Modern healthcare is at a tipping point. The use of technology in our health sector, backed up by incentives to implement digital solutions, is increasing rapidly—driven not only by a need to
improve efficiency and outcomes—but also to reduce costs. Pressure is mounting on physicians and medical facilities to join the digital revolution. Just like in other industries, this new breed of healthcare provider and IT expert are working with cloud storage capabilities, wireless functionalities, and mobile phone technologies. Patients and doctors are also embracing wearable tech, remote patient/doctor interaction, even mobile treatment and the prescribing of medication.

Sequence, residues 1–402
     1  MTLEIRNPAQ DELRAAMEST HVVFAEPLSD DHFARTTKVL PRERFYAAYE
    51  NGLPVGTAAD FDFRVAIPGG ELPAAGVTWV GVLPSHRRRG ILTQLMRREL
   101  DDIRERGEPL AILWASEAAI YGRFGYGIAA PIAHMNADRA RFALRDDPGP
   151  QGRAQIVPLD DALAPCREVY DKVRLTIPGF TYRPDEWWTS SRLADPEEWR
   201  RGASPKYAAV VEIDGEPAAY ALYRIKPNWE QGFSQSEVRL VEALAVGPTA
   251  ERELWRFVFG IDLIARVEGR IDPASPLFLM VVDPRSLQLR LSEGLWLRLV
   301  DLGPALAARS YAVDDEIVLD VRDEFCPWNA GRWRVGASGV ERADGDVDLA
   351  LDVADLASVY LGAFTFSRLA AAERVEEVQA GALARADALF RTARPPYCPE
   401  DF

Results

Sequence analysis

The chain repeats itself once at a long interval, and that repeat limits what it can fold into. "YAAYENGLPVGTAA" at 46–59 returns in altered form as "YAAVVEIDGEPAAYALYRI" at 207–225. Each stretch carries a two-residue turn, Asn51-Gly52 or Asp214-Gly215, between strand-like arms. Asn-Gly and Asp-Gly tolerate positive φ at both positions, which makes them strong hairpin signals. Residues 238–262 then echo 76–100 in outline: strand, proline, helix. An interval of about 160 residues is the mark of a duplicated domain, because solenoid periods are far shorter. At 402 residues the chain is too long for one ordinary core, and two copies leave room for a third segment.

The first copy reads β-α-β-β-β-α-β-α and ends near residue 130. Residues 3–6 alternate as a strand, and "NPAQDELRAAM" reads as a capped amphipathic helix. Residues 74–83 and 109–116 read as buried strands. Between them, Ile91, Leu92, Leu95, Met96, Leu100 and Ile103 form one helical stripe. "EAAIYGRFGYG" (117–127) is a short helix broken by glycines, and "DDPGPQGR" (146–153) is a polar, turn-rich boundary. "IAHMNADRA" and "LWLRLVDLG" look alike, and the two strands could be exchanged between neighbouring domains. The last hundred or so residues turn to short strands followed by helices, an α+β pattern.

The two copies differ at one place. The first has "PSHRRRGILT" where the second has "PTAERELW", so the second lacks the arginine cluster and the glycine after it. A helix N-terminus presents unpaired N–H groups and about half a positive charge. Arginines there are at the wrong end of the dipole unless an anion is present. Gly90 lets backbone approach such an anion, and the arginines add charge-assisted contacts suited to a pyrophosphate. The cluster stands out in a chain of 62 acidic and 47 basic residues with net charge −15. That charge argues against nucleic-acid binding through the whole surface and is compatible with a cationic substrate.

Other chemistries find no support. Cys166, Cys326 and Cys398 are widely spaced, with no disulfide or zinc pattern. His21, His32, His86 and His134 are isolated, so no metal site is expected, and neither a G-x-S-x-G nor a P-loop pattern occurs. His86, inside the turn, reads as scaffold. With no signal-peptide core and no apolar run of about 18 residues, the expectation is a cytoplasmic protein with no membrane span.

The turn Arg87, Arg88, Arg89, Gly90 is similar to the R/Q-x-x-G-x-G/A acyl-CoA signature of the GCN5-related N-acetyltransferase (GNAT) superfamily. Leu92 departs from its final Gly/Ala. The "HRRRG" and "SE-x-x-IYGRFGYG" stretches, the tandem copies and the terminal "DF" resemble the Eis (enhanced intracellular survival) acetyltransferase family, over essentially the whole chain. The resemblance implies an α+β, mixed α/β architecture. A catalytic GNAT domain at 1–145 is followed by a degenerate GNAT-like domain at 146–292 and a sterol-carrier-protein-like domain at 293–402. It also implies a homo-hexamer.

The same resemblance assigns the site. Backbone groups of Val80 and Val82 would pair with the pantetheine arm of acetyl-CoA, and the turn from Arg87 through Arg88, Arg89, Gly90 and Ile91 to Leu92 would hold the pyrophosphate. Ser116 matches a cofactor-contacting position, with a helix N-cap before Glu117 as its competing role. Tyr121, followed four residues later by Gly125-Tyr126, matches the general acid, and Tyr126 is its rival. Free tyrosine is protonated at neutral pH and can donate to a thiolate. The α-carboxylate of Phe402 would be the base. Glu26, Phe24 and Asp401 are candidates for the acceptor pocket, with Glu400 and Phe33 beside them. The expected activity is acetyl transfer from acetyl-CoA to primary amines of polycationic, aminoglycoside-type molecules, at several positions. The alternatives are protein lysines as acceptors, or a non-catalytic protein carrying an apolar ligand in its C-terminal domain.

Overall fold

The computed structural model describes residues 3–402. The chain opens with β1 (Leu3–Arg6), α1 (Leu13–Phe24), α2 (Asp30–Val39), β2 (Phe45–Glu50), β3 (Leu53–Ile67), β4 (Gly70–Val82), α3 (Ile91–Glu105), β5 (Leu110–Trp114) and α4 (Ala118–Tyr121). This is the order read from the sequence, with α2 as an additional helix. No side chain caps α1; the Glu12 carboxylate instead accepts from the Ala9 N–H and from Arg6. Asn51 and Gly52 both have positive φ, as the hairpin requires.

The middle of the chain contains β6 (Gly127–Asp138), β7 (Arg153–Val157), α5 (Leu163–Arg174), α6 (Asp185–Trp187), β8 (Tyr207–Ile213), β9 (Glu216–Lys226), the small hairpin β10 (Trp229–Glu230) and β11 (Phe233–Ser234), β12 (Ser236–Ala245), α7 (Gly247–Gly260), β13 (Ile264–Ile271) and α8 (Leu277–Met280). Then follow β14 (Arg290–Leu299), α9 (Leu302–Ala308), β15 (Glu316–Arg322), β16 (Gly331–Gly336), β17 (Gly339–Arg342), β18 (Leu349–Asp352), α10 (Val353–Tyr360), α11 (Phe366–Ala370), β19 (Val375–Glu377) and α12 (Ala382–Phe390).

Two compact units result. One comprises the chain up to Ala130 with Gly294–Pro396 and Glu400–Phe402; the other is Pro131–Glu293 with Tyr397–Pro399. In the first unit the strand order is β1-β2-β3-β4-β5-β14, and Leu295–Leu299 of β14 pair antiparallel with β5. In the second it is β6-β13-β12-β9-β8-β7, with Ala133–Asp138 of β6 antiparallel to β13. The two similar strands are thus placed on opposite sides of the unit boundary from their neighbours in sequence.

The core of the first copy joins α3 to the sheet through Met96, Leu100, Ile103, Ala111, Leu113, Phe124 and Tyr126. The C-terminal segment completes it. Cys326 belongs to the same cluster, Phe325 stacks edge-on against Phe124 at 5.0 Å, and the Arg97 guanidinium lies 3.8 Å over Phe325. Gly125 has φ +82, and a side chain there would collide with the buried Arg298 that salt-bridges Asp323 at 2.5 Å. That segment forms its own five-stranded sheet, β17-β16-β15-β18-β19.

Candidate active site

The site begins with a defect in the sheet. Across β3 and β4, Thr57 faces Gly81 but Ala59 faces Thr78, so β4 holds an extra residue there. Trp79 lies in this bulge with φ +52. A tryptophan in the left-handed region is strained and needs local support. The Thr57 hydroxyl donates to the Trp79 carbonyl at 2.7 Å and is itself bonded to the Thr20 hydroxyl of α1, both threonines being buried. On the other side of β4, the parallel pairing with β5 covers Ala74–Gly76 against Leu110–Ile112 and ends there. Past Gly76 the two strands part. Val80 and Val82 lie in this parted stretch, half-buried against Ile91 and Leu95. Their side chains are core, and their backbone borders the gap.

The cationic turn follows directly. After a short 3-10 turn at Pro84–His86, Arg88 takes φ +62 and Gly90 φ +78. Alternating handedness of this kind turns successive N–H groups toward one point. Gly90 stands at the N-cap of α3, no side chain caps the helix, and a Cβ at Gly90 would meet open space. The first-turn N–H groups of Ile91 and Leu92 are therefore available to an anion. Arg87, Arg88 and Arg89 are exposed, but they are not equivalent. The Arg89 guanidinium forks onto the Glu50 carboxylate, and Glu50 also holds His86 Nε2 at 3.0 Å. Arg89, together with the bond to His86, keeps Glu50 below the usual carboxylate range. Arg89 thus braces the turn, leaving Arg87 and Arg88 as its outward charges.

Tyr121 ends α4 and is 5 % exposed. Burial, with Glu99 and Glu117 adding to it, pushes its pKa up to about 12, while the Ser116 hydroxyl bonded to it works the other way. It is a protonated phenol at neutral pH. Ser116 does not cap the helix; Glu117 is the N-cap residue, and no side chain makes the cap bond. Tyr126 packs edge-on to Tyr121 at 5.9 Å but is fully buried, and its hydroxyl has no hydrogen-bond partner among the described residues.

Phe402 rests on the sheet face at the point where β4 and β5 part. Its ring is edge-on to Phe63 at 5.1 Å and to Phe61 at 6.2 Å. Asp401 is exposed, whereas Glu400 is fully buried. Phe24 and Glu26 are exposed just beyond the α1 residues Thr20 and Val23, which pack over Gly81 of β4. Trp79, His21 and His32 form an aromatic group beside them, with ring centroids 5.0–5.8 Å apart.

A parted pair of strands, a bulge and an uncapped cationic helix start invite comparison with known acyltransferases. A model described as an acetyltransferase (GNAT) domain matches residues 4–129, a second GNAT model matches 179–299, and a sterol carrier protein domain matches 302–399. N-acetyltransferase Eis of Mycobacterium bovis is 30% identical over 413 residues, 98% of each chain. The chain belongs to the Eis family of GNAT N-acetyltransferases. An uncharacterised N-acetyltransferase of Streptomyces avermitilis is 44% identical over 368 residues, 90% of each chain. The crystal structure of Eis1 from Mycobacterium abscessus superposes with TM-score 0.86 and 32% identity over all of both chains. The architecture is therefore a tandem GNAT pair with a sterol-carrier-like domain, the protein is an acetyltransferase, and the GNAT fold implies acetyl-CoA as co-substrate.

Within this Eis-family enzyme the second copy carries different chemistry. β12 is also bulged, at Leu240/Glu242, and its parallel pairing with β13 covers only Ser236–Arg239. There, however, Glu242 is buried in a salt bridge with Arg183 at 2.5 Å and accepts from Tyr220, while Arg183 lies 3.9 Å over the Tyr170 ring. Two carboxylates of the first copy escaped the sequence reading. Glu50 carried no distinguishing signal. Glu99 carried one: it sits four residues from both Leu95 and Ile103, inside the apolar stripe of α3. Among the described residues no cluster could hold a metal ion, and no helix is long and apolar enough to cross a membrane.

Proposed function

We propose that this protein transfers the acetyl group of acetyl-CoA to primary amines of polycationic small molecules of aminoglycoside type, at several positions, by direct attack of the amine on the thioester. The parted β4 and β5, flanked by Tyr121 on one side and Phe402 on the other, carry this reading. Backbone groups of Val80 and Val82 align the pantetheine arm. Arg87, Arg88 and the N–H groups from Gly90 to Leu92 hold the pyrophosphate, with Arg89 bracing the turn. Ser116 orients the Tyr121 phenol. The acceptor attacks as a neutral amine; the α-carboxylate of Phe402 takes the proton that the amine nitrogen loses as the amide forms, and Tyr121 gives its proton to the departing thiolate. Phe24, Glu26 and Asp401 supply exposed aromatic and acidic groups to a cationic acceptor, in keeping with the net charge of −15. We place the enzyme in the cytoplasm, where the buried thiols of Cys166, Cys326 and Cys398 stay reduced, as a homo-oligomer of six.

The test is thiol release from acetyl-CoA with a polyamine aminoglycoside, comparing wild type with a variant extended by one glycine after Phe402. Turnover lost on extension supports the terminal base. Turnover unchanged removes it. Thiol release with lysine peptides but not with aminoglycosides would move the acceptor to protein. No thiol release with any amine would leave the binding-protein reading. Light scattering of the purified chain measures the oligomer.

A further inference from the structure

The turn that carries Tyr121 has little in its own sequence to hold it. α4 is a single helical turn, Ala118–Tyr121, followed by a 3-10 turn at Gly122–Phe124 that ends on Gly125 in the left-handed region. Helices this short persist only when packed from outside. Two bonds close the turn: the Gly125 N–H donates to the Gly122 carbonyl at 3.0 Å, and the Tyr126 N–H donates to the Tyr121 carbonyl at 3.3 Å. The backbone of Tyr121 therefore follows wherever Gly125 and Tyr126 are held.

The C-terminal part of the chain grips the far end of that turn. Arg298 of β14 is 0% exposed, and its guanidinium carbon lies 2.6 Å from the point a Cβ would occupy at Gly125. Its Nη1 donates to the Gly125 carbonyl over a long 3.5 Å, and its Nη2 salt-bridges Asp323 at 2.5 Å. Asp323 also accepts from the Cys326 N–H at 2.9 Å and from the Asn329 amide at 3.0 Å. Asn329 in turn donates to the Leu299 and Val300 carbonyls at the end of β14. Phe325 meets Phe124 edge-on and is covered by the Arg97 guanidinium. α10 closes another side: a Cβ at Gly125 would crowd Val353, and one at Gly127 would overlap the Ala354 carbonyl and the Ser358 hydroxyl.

At the same time, they’re trying to determine how to best connect, collect, and care for all of this data and relying on their IT teams and/or managed service providers (or both) to deliver the solutions they need.. As you might imagine, this is very private, extremely personal, very sensitive data being digitally collected and kept. Arguably, security and compliance have to be one of the top priorities in digital health. Personally, I think these advances in medical tech are incredible, but what becomes clear, as with any other industry, is that all of these advancements, along with the astounding amount of patient and potential medical research data collected, is meaningless if it can’t be adequately protected.